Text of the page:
The foregoing delegation reflected the desire of Congress to leave to the cities themselves the task of confronting the problem of traffic congestions associated with development and progress because they were directly familiar with the situations in their respective jurisdictions. Indeed, the LGUs would be in the best position to craft their traffic codes because of their familiarity with the conditions peculiar to their communities. With the broad latitude in this regard allowed to the LGUs of the cities, their traffic regulations must be held valid and effective unless they infringed the constitutional limitations and statutory safeguards.

C.

Compliance of Ordinance No. 1664with the substantive requirements

The first substantive requirement for a valid ordinance is the adherence to the constitutional guaranty of due process of law. The guaranty is embedded in Article III, Section 1 of the Constitution, which ordains:chanRoblesvirtualLawlibrary
Section 1. No person shall be deprived of life, liberty or property without due process of law, nor shall any person be denied the equal protection of the laws.
The guaranty of due process of law is a constitutional safeguard against any arbitrariness on the part of the Government, whether committed by the Legislature, the Executive, or the Judiciary. It is a protection essential to every inhabitant of the country, for, as a commentator on Constitutional Law has vividly written:25
x x x. If the law itself unreasonably deprives a person of his life, liberty, or property, he is denied the protection of due process. If the enjoyment of his rights is conditioned on an unreasonable requirement, due process is likewise violated. Whatsoever be the source of such rights, be it the Constitution itself or merely a statute, its unjustified withholding would also be a violation of due process. Any government act that militates against the ordinary norms of justice or fair play is considered an infraction of the great guaranty of due process; and this is true whether the denial involves violation merely of the procedure prescribed by the law or affects the very validity of the law itself.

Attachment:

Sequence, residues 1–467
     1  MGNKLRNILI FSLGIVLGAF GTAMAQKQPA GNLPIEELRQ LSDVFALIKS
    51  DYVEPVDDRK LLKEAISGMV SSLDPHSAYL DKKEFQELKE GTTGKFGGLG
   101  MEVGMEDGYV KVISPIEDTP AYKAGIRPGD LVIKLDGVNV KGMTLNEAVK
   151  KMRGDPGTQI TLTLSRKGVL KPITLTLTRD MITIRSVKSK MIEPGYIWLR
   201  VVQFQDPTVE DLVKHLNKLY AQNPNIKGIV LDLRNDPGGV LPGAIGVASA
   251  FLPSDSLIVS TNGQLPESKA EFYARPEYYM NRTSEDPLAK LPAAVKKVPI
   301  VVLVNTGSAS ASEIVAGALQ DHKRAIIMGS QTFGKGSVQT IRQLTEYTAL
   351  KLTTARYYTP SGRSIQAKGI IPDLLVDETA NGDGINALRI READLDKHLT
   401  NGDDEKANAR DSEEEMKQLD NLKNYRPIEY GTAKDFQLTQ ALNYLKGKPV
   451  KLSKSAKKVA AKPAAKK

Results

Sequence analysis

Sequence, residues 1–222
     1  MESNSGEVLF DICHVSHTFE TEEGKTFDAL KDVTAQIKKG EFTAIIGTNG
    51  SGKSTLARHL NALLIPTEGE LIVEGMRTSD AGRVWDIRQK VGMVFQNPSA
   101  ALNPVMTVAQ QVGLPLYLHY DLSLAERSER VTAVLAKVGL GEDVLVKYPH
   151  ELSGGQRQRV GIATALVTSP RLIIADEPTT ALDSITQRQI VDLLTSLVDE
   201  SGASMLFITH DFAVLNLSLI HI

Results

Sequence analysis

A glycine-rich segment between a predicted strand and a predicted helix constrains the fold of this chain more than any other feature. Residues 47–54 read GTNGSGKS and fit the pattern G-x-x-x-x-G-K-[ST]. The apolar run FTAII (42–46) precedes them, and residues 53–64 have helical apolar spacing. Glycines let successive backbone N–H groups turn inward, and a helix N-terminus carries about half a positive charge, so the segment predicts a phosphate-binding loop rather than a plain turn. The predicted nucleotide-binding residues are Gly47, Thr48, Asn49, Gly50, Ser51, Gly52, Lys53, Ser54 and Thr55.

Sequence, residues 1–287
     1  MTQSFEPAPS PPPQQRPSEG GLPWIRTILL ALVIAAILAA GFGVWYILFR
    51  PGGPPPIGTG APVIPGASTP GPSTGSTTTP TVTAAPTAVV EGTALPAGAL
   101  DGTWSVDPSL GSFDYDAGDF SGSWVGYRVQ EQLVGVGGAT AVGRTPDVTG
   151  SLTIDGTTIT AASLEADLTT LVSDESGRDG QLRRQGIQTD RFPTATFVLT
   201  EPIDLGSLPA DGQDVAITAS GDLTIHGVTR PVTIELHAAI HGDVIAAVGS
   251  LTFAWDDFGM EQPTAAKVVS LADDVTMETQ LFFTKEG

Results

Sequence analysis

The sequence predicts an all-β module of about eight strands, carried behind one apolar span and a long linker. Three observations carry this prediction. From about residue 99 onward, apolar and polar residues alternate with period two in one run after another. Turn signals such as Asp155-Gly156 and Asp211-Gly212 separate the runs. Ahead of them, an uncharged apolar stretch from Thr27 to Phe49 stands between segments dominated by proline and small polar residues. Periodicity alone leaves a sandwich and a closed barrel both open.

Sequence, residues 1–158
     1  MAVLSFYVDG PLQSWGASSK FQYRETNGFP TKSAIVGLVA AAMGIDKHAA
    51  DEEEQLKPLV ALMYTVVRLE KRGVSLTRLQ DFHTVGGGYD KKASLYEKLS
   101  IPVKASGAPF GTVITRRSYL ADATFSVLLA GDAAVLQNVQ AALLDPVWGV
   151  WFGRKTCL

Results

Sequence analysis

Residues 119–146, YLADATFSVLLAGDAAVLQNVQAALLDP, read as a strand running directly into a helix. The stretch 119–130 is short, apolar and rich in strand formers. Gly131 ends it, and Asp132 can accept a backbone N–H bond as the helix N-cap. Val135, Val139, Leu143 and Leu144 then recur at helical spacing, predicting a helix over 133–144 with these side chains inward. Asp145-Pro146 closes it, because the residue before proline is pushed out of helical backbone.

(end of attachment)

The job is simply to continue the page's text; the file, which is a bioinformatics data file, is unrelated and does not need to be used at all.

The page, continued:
In City of Manila v. Laguio, Jr.,26 the Court expounded on the aspects of the guaranty of due process of law as a limitation on the acts of government, viz:chanRoblesvirtualLawlibrary
This clause has been interpreted as imposing two separate limits on government, usually called “procedural due process” and “substantive due process.”

Procedural due process, as the phrase implies, refers to the procedures that the government must follow before it deprives a person of life, liberty, or property. Classic procedural due process issues are concerned with that kind of notice and what form of hearing the government must provide when it takes a particular action.